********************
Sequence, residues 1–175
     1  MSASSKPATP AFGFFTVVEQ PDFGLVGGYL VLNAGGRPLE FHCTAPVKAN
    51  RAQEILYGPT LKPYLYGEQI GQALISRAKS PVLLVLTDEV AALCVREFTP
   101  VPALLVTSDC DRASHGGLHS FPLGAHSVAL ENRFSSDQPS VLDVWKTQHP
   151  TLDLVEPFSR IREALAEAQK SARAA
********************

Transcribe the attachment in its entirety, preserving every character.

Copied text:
Sequence, residues 1–175
     1  MSASSKPATP AFGFFTVVEQ PDFGLVGGYL VLNAGGRPLE FHCTAPVKAN
    51  RAQEILYGPT LKPYLYGEQI GQALISRAKS PVLLVLTDEV AALCVREFTP
   101  VPALLVTSDC DRASHGGLHS FPLGAHSVAL ENRFSSDQPS VLDVWKTQHP
   151  TLDLVEPFSR IREALAEAQK SARAA